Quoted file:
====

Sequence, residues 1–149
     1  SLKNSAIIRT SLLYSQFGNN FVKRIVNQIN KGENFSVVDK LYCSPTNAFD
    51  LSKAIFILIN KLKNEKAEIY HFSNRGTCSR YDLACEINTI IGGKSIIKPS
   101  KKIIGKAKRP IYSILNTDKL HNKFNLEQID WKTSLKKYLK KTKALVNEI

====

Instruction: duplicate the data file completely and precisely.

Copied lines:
Sequence, residues 1–149
     1  SLKNSAIIRT SLLYSQFGNN FVKRIVNQIN KGENFSVVDK LYCSPTNAFD
    51  LSKAIFILIN KLKNEKAEIY HFSNRGTCSR YDLACEINTI IGGKSIIKPS
   101  KKIIGKAKRP IYSILNTDKL HNKFNLEQID WKTSLKKYLK KTKALVNEI